Unfortunately, instead of focusing on the inequalities in educational opportunity, the national conversation instead laments the “achievement gap” in our schools and directs public attention to accountability measures designed to close that gap, such as the “No Child Left Behind” program. The political language embedded in the policy creates an illusion of moral rightness that, on its surface, makes the policy a difficult one to disagree with—of course, we want all children to achieve.

Yet the very language itself is questionable. To frame the discussion as the achievement “gap” makes the issue one of ineptitude, as the larger population ponders the “problem” inherent in black and other minority children, their parents and their communities. These children have, after all, been saved by a landmark Supreme Court decision and have become the national focus for receiving help in the current educational climate. That they still are unable to achieve, as we are constantly reminded by the language of “achievement gap,” creates the perception that the problem is the children, rather than an understanding of the fixable structures that continue to create inequality in achievement.

But Americans are seldom publicly reminded of the current inequality in structures. They are generally shielded from the sacrifice that motivates many black parents to drive or bus their children to schools far from their communities because they understand that the resources and test scores are superior on another side of town. To the contrary, data from the National Opinion Research Center crisply summarizes the widely held public view of blacks: 78 percent of whites believe that blacks prefer welfare, and 53 percent believe blacks are less intelligent.

When we widely embrace the language of a public policy that focuses on the students—and, implicitly, their parents—as the problem, the public can continue to ignore the structures that create the problem. If the structured inequalities were more widely known, we might imagine a conversation that focused on the “resource” gap, which attributes blame to its source rather than to its symptom.

I believe in Brown—it took me from a segregated school in the rural South to a doctorate at Harvard—and I believe America wants to believe in Brown. Indeed, America has to believe Brown was successful, because to do less stings its vision of itself and violates the Constitution we value.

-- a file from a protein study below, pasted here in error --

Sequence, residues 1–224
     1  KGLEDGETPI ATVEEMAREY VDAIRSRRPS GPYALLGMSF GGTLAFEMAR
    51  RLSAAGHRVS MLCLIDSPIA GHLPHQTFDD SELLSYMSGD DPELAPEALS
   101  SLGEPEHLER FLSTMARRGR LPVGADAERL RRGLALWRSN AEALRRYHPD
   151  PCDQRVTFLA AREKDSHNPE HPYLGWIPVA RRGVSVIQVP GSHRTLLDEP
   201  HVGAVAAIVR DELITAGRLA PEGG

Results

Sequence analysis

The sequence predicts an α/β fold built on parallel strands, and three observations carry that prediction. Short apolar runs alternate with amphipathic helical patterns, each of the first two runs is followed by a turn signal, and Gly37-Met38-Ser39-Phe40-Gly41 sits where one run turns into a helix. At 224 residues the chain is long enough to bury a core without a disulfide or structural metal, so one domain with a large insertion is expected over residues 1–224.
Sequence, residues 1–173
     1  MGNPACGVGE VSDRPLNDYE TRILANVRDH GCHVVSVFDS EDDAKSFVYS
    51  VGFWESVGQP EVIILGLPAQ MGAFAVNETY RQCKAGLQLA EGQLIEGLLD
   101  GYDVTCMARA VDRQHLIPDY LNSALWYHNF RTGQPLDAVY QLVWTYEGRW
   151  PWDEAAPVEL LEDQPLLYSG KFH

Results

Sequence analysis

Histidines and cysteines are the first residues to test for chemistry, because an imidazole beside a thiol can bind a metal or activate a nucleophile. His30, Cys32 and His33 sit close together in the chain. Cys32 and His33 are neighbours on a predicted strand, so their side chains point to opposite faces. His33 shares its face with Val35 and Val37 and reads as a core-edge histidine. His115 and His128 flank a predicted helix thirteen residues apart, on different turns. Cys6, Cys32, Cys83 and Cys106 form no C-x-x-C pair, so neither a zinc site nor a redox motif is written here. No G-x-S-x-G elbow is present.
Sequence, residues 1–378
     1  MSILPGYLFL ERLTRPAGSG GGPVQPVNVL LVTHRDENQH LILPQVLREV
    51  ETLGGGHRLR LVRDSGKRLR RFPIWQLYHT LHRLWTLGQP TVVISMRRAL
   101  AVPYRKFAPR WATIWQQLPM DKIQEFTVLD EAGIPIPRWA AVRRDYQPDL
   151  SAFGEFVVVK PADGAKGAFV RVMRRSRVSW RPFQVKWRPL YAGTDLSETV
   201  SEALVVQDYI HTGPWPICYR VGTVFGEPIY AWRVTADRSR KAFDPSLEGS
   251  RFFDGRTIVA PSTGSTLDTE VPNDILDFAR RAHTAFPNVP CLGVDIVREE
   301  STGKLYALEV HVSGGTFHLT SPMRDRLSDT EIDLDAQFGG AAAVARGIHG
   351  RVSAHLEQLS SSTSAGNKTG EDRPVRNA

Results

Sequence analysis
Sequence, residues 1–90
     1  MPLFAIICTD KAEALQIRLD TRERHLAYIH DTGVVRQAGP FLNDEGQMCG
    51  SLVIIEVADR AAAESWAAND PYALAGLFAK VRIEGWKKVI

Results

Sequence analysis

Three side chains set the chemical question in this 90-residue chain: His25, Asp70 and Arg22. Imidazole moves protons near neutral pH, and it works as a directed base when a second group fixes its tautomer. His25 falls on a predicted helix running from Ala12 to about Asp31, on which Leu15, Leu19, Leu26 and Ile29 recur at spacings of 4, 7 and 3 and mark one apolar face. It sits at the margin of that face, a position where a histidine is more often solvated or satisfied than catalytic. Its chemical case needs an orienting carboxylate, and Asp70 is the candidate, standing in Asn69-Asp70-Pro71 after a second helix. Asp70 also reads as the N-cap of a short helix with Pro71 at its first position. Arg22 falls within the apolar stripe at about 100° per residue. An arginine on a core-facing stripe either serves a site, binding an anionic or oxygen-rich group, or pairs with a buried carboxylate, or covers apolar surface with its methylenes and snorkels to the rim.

Nevertheless, the Brown anniversary should refocus our efforts to achieve equality. Fifty years ago black students had segregated schools, overcrowded classrooms and fewer educational materials; similar inequalities still exist for many black children today. Messages the larger society sent black children pre-Browndoubted their ability to achieve; the messages in this moment based on the structures in many urban areas are comparable. And the strong, caring teachers and principals who worked to help achieve success for the children were fired and replaced by too many people who neither know, understand nor are willing to continue the struggle for racial uplift.

We cannot merely celebrate a legal victory. Rather, we must be careful to forestall the events of Reconstruction, when unprecedented advances in structural equalities were made only to have them eliminated with widely accepted social mores and subsequent Jim Crow laws. Unless we remember our history of valuing equality while ignoring and retreating from structures that would enforce it, we may find ourselves, like our predecessors, creating new names to mask old problems.

I hope not. Brown, like other icons we value, represents America at its best, and its proponents have rightly earned a place in history. Yet inequality, whether overt or covert, still smacks against the intent of the proponents of this decision.

When, in another 50 years, we celebrate Brown’s 100th anniversary, I hope we will have addressed both its principles and promises. If so, then it will be time to clap. Until then, we will cling to that promise of equality, while understanding that we still have much work to do.

This essay is based in part upon Walker’s contributions to an interdisciplinary dialogue on Brown, which originally appeared in
Focus on Law Studies, Vol. XIX, No. 2 (Spring 2004), a publication of the American Bar Association Division for Public Education.